As announced this morning, Chris Bangle has left BMW. The controversial but highly influential designer has "relinquished his position as BMW Group Head of Design effective immediately". The stated reason for his departure is to "pursue his own design-related endeavors beyond the auto industry," according to BMW sources.
Bangle found prominence and notoriety with the introduction of the E65 7-Series in 2002. It marked a drastic departure from BMW's traditional design language and caused enormous controversy. However, the car went on to set record sales numbers. Furthermore, his subsequent input on the styling of BMW's Z and X models, as well as the 6- and 1-Series have also seen sales success.The number of "Bangle-style" creations that have emerged from competitor manufacturers is perhaps another sign of his influence.
The position of BMW Group's Head of Design will be passed to Adrian van Hooydonk, who is currently Head of BMW Automobile Design. "Christopher Bangle has had a lasting impact on the identity of BMW Group's brands. His contribution to the company's success has been decisive, and together with his teams he has mapped out a clear and aesthetic route into the future," said Dr Klaus Draeger, BMW AG's Board Member for Development. He also went on to claim van Hooydonk shares Bangle's fascination for technology and aesthetics, tradition and innovation.
Born in the USA, 52 year-old Chris Bangle studied at the University of Wisconsin and the Art Center College of Design in Pasadena before he began his working life in Rsselsheim, where he worked for Opel AG. In '85 he joined Fiat, where he became Director of the Fiat Centro Stile in 1992. Later that same year he was appointed Head of BMW Group Design Development in October '92.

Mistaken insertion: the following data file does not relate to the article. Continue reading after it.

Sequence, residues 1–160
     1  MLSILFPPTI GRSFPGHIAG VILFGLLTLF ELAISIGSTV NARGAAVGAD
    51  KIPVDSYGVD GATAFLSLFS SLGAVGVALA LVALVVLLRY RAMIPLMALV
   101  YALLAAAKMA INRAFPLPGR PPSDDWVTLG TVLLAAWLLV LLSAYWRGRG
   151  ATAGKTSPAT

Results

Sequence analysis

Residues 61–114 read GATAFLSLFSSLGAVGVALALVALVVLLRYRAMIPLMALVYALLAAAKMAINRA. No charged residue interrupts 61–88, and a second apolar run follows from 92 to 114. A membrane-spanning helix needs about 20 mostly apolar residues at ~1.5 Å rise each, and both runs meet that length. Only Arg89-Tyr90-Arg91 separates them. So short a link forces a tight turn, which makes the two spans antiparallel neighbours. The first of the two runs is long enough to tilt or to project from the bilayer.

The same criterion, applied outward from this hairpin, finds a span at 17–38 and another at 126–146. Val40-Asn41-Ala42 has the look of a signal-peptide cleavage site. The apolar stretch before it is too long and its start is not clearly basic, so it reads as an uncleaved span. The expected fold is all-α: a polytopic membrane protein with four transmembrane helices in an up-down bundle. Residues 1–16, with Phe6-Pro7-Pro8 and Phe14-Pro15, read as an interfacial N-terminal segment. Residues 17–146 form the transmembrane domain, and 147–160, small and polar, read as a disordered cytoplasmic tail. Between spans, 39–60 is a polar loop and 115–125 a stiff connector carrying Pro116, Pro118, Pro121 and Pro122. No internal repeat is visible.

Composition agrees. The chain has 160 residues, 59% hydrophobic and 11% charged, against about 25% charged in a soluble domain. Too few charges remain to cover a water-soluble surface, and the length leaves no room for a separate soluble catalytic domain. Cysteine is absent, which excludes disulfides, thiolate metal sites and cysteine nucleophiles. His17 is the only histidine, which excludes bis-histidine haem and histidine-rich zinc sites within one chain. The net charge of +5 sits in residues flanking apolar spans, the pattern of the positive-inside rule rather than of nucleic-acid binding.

Throughout his career with the BMW, van Hooydonk has worked alongside Bangle. He described van Hooydonk as "truly a top professional in our business." Adrian van Hooydonk, 44, will be responsible for design development for the BMW, Rolls-Royce and Mini brands. Born in the Netherlands, van Hooydonk studied at Delft Polytechnic University in Holland and later at the Art Center Europe in Vevey, Switzerland, until 1992. From there he came to Munich, where he joined BMW as a designer. In 2000 he went to California to work for the BMW Group subsidiary Designworks USA, where he was Director from 2001-04. Then, under Bangle he became Head of the Brand Design Studio for BMW Automobiles.
The BMW 6- and 7-Series bear the hallmark of van Hooydonk's design influence, as do the Z9 Concept Car, Concept CS and M1 Hommage Study. In 1997 van Hooydonk created the ACV 30 Show Car for Mini and more recently developed designs for the new BMW 7-Series and Z4, as well as for the Concept Progressive Activity Sedan, which will be unveiled at the Geneva Auto Show in March.
"I am honoured and extremely excited to take on this new responsibility", says van Hooydonk. "BMW, Mini and Rolls-Royce produce the best cars and motorcycles in their segment, and I am really looking forward to being able to contribute to the future development of these brands."